The Many Benefits of Exuberant Lifelong Daddying
By Allan Shedlin
Grampsy and DADvocacy Consulting Group Founder
AUTHOR'S NOTE TO READER: As one of those decade-changing, major milestone birthdays approaches, I find myself more introspective than usual. Thus, I see this blog entry as a combination of personal daddying memories; learnings from 25 years of conducting in-depth, daddying interviews with dads/granddads and with kids/youth from 20 countries; and as a daddying “pep talk.”
After hearing about my work helping fathers become the dads they want to be, a New York City cardiologist shared with me his concern that he only had six months to “get it right.”
“Get what right?” I asked.
“Becoming a good dad before my son goes off to college.”
“Daddying is lifelong,” I responded.
His relief was both palpable and disorienting as it disabused him of his entrenched belief that daddying ends when your child becomes an “adult.”
Two things about this brief exchange echoed what I have learned during more than 25 years of qualitative research with dads and granddads:
Most dads want to be the best fathers they can be.
Most men are eager to share tender thoughts, feelings, and vulnerabilities about fatherhood – their own and what they experienced as sons. These feelings are transparent, just beneath their often thin emotional surface.
It continues to be substantiated by my own experiences as a dad of three adult daughters and my five grandchildren. I exult in and remain attuned to the opportunities that continue to present themselves – and which I continue to seek out and embrace to warm my heart and soul. As I’ve observed many times, being a dad/granddad is more than just who you are, it’s what you do.
Daddying takes place at the intersection of fatherhood and nurturing. It is one of life’s few opportunities to make a direct connection to one’s heart. And it’s proof that your heart has the capacity to expand just as much as it needs to embrace each additional child and grandchild. For me, its apex has been that nurturing my children and grandchildren has been nourishing to me – this is not something that is usually noted, or even thought about.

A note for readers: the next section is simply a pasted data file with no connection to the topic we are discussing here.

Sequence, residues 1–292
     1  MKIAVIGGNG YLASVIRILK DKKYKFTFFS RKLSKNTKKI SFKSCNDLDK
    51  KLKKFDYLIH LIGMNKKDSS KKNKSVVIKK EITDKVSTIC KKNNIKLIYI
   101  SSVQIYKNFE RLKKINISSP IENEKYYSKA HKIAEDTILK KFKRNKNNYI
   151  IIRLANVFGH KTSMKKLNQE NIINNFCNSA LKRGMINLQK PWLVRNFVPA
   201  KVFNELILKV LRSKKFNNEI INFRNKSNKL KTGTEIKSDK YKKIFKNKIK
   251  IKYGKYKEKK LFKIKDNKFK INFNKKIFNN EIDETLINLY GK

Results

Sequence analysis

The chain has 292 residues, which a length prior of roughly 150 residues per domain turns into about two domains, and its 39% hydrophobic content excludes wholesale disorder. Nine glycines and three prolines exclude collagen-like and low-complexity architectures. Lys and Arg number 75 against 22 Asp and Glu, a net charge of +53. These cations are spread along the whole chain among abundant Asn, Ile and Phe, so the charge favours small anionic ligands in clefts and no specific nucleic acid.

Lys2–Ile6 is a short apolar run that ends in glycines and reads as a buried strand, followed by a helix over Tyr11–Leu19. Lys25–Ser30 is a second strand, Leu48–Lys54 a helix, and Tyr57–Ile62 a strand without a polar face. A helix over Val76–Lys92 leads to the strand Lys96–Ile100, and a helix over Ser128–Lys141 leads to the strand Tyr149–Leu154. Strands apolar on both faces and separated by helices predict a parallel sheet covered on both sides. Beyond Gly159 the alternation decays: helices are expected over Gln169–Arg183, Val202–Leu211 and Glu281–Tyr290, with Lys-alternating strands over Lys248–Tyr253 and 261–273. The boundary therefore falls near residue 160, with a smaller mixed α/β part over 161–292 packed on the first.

As I’ve observed many times, being a dad/granddad is more than just who you are, it’s what you do.
During my own lifelong daddying and quarter-century of granddaddying, one of the joys has been the opportunity to talk with my adult daughters about their memories of my daddying – both the good parts and the parts that could have gone better. And it has been heartening to witness how they have created their own approach to parenting. And the opportunity to luxuriate in exuberant granddaddying, and fine-tune what I have learned as a dad has been the icing on the cake.
It is a truism that no man has ever said on his deathbed that he wished he had spent more time at the office, so don’t keep the dad you most want to be waiting. Sometimes there is a roughness to the world that only a dad can smooth out.
Allan Shedlin has devoted his life’s work to improving the odds for children and families. He has three daughters, a “bonus” son, five grandchildren, and three “bonus” grandchildren. Trained as an educator, Allan has alternated between classroom service, policy development, and advising. After eight years as an elementary school principal, Allan founded and headed the National Elementary School Center for 10 years. In the 1980s, he began writing about education and parenting for major news outlets and education trade publications, as well as appearing on radio and TV. In 2008, he was honored as a "Living Treasure" by Mothering Magazine and founded REEL Fathers in Santa Fe, NM, where he now serves as president emeritus. In 2017, he founded the DADvocacy Consulting Group. In 2018, he launched the DADDY Wishes Fund and Daddy Appleseed Fund. In 2019 he co-created and began co-facilitating the Armor Down/Daddy Up! and Mommy Up! programs. He earned his elementary and high school diplomas from NYC’s Ethical Culture Schools, BA at Colgate University, MA at Columbia University’s Teachers College, and an ABD at Fordham University. But he considers his D-A-D the most important “degree” of all.